The Hidden Refuges from Climate Change

The forests that surround us are full of incredible variety. As the climate of our region changes over the coming decades, different parts of the landscape will be affected differently. Those areas that remain relatively buffered from the worst impacts are known as refugia. These microsites within the landscapes we protect will be incredibly important providers of stable habitat for our native wildlife, and vegetation, ensuring that our regions ecological systems can continue to function.

A northeast-facing slope on a hillside is a good example of a refugia. Places like that are relatively shielded from the sun for most of the day, especially those hot summer afternoons. When GPC protects a hillside like that, we’re maintaining space where animals can find cool shelters and where plants might experience less disruption from the heat.

Wetlands can offer a similar ecosystem service. These landscapes retain moisture, which stabilizes the ambient temperature. Even more importantly, wetlands act as hidden reservoirs. They soak up huge amounts of water during the rainy winter months and then keep our streams flowing all summer long under the sun. Even if we go for months without any rain, if our wetlands are protected then the streams will keep flowing. Keeping those streams flowing is vital to preserving the ecosystems in our areas even as we continue to experience more and more intense droughts across our region.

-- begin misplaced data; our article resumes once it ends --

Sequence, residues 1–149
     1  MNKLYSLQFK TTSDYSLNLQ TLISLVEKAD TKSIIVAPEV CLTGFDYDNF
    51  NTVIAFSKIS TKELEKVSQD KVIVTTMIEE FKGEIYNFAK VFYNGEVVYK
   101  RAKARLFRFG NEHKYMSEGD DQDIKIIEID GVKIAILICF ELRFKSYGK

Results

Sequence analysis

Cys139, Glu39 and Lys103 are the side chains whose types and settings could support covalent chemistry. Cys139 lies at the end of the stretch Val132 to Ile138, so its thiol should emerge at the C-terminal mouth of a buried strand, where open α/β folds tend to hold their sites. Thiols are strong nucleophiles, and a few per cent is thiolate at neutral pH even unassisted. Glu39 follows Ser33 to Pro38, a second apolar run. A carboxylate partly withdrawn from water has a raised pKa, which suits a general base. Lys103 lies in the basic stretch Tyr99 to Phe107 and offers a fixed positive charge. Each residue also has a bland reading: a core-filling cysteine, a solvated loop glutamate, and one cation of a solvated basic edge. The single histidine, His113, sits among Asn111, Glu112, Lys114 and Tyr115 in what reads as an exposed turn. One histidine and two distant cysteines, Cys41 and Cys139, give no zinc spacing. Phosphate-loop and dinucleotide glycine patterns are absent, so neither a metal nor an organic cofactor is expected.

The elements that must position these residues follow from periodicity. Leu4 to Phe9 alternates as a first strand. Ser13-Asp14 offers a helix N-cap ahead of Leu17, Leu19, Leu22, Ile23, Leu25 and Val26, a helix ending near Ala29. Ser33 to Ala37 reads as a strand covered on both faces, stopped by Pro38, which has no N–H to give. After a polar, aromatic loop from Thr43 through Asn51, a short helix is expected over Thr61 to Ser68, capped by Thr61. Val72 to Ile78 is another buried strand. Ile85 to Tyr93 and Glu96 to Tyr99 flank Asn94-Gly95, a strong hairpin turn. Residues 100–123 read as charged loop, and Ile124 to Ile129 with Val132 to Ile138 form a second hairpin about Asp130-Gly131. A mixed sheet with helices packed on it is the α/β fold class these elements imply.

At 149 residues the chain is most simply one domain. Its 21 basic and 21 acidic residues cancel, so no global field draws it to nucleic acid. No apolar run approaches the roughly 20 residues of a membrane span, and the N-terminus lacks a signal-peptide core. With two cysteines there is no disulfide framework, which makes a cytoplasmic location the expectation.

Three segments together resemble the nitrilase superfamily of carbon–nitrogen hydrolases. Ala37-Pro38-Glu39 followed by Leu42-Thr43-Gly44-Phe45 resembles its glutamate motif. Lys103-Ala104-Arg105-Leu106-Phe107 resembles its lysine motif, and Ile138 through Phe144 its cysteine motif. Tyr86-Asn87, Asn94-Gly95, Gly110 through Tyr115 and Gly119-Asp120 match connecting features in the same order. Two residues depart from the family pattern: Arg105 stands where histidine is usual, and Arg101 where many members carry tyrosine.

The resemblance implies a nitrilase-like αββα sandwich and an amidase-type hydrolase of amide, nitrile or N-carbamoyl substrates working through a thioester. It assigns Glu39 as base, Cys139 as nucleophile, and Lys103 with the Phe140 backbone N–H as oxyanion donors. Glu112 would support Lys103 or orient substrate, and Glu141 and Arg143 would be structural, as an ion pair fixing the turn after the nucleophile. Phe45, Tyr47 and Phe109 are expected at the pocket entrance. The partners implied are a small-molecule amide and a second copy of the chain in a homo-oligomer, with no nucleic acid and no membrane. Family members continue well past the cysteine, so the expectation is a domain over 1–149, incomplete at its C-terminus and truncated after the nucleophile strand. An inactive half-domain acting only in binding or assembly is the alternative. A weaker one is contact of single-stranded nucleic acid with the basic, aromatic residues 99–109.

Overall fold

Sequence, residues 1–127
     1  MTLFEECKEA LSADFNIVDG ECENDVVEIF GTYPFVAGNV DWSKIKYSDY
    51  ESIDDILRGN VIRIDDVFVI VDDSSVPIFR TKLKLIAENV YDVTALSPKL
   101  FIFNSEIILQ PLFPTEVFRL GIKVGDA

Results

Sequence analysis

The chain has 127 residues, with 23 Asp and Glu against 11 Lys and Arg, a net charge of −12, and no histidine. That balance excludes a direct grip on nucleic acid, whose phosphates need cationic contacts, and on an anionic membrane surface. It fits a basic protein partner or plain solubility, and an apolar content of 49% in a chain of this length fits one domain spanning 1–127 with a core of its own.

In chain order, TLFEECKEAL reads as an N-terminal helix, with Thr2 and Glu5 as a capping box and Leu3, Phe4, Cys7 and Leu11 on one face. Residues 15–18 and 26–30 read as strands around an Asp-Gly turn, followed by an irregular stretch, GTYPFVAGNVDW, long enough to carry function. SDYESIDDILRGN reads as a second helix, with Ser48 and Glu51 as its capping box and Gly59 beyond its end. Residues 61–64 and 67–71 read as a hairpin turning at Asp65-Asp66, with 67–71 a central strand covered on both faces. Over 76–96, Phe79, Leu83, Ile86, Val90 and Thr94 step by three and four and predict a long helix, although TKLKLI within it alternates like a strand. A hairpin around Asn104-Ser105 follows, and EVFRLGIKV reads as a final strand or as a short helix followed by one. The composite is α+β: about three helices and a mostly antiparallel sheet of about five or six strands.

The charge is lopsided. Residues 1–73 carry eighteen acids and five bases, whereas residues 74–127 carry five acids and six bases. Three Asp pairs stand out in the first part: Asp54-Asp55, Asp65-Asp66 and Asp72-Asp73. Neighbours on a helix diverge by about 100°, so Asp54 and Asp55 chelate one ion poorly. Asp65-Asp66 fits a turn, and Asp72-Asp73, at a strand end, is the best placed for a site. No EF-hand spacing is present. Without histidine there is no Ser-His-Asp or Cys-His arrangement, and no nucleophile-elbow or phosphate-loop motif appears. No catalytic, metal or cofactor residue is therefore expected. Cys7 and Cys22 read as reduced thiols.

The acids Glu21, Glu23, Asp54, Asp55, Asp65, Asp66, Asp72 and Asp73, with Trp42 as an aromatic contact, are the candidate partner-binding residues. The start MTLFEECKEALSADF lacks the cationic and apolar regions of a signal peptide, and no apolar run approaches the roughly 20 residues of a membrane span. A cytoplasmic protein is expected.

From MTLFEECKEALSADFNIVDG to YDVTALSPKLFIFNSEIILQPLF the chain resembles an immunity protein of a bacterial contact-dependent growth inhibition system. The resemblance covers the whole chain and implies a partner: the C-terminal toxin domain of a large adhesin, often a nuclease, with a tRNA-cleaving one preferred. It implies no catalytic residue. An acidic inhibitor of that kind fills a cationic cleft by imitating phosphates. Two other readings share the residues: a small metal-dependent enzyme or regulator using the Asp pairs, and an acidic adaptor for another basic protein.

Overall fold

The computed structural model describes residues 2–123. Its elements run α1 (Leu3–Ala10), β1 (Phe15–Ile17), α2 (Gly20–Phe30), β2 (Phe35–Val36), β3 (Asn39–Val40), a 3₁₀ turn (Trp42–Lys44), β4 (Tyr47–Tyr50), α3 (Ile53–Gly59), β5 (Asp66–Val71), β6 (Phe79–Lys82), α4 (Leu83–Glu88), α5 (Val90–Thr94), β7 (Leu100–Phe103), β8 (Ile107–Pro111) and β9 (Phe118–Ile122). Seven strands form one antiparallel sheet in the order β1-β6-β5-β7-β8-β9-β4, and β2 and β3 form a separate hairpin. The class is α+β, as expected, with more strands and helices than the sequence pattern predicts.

Those streams, and the riparian areas on their banks, are another important refugia. The plants which thrive in the waterlogged ground by the banks of streams – like dogwood or salmonberry or redcedar and others – provide a vital ecosystem service. Keeping these rushing waters in the shade keeps them cool, which is important for all the creatures that live in our streams, and especially the salmon who depend on those waters for their yearly spawning. Trees that fall into the streams become “woody debris.” These features create cool spots where salmon can rest, and promote the formation of complex stream channels in which they thrive.

When we’re considering ways to protect our streams, GPC’s stewardship team also has to consider the future conditions of the stream. Climate change threatens our lands not just with drought, but also with more intense winter rains. Our plan for protecting these refugia includes stabilizing the stream banks, so that they don’t get washed away by future floods.

Protecting the refugia that are hidden all around us will help make our region more resilient to climate change. We’ve planned out our conservation work for the coming decades, so that every new preserve we create includes these refugia. Improving water retention will help fight future droughts; creating and connecting areas where wildlife can shelter from the heat will support biodiversity; stabilizing our stream banks will help protect them from future floods. We’re starting to take these actions now, for the sake of future generations.